SO YOU WANT to LIVE in COSTA RICA the Adventures, Trials and Tribulations of Settling in Paradise by Gary Davis –

30 Apr

chapter 34 continued

COSEVI is thirty minutes from downtown S.J. in a town called Uruca but the highway I need to be on Friday to return home goes by Uruca.   I ask Cesar to confirm with the court in San Ramon that if I pay the ticket Friday morning at COSEVI that when I get to the court I will be able to appear before a judge.  When he gets back to me he assures me that I will be able to see a judge and that I should plead my case and request immediate return of my license and reminds me that the court is closed from 12 to 1pm for lunch and then closed from 2:30pm until Monday. 

I have a narrow window of opportunity because knowing that COSEVI exists and finding COSEVI in that conglomeration of convoluted streets in what is known as “the central valley” that contains a whole bunch of cities with 2.8 million people and no street addresses are two different challenges.

But I found it in time to make it to San Ramon at 1pm.  Why so late you might ask?  I left the hotel at 9am.  By the time I finally found COVSEVI (remember, there are no addresses in C.R. therefore maps are basically useless), waited in the lines (yes, more than one) and finally got the ticket paid (about $50) and then drove to court it was 1pm.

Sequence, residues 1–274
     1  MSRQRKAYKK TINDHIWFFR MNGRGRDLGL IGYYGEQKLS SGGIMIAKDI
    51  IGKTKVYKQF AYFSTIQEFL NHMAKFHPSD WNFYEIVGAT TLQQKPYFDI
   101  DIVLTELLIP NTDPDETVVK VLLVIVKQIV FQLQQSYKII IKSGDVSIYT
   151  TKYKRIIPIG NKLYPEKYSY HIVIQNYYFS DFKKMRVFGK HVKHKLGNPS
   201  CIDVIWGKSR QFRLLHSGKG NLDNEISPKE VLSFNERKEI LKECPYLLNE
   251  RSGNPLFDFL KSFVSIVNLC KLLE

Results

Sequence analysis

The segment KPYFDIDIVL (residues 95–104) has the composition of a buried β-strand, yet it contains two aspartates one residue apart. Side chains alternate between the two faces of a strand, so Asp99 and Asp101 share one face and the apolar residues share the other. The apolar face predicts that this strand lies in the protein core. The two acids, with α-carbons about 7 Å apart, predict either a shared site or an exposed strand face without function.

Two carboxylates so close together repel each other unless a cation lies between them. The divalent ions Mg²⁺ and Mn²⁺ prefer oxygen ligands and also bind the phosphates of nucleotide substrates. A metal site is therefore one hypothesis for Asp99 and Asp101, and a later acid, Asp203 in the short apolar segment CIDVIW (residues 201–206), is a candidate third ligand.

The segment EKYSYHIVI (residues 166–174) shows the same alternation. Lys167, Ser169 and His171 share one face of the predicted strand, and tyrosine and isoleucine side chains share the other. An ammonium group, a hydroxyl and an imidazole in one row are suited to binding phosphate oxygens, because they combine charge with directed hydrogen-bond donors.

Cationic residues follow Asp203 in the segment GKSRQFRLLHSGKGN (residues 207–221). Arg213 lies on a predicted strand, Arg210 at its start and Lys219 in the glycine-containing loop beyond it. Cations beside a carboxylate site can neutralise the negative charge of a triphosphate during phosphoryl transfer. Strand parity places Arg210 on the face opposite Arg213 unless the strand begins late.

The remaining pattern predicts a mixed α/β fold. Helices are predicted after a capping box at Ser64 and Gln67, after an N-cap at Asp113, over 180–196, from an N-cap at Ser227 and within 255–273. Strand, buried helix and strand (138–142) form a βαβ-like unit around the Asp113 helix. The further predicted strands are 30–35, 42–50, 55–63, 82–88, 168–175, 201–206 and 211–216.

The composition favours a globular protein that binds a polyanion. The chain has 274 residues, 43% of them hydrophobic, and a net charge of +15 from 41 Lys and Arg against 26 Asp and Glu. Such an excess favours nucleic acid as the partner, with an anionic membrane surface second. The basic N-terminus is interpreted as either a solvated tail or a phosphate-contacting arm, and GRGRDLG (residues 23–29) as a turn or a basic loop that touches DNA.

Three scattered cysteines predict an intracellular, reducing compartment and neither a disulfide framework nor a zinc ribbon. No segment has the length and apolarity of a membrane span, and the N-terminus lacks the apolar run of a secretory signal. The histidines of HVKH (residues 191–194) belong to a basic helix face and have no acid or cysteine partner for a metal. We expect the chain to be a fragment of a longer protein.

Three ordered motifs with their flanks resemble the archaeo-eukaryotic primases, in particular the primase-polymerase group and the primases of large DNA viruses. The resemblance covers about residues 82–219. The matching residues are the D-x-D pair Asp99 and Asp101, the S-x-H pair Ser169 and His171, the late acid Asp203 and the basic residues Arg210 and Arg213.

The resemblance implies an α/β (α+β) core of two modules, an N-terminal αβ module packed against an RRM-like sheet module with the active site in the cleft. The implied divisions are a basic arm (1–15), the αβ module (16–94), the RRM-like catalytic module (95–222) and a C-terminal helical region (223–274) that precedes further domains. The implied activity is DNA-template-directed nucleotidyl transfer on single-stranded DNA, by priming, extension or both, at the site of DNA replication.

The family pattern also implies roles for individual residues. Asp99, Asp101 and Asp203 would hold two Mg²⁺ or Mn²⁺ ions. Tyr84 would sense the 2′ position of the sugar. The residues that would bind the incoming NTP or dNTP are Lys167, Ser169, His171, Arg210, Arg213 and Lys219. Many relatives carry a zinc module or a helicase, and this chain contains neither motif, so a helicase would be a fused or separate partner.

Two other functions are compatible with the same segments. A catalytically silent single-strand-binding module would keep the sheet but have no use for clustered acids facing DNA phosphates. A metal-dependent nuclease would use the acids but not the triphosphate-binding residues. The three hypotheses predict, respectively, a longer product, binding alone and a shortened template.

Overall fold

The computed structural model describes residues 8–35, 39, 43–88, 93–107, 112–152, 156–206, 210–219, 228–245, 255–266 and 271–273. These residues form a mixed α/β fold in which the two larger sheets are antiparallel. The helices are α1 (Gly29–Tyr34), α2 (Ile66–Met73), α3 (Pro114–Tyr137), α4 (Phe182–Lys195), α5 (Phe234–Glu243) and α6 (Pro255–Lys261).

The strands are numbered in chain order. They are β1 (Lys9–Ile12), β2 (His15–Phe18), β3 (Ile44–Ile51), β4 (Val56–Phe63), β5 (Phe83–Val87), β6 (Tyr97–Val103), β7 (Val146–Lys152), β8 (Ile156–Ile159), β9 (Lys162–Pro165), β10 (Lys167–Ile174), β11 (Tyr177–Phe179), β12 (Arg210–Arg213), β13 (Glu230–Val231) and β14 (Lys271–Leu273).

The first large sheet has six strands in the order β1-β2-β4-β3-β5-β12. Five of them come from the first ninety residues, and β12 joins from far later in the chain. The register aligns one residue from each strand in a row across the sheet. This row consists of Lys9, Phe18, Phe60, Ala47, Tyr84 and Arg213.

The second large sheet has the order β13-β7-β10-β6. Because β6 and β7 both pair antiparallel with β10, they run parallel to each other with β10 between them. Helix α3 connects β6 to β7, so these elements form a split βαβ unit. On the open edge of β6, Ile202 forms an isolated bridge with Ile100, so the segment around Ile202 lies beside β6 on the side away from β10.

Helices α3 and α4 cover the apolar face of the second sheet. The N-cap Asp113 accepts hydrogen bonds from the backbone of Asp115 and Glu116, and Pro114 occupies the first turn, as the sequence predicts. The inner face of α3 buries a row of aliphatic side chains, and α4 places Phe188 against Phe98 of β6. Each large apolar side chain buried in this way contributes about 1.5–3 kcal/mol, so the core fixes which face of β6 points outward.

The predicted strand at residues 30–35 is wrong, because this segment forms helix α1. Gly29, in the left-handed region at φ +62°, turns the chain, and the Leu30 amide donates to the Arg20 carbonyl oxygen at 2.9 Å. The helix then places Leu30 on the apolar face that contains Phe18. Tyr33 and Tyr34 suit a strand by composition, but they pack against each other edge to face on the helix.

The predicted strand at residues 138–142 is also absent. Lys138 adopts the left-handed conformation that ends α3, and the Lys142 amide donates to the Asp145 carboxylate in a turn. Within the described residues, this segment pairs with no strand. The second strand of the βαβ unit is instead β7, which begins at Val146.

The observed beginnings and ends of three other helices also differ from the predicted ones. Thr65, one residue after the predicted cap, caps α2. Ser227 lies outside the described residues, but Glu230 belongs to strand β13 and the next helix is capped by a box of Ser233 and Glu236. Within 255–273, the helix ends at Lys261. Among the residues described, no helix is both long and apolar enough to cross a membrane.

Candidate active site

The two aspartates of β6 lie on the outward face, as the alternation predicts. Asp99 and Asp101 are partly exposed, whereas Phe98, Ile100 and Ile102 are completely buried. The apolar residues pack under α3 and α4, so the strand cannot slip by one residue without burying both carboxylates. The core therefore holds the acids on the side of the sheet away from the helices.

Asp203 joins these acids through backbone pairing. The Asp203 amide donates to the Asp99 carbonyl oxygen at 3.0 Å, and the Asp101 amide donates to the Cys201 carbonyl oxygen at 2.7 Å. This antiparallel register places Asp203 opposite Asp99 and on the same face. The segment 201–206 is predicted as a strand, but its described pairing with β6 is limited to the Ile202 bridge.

What would you expect to experience in court with not real strong Spanish?   Cesar recommended that I have a bilingual person with me.  Skip that.  First of all the tica wasn’t with me for the trip back home and second, she wasn’t bi-lingual anyway.  I’m in my car on my way home with no bilingual person with me and I know it’s pointless to try to find a stranger, who would be in court for their own stress producing problem, to help me.  First, of course, are the lines.  There’s the one to get into the building since a whole pile of people are waiting for the 1pm opening and where one at a time each person goes through a thorough security search.  Then there’s the one when you finally find the correct counter and take a number and wait your turn.   Finally my number is called, someone takes all my paper work and the only copy of my passport that I have with me and tells me to go sit back down.  I figure then is a good time to go over in my mind the presentation/plea that I will make to the judge in hopes of having him/her release my license to me.


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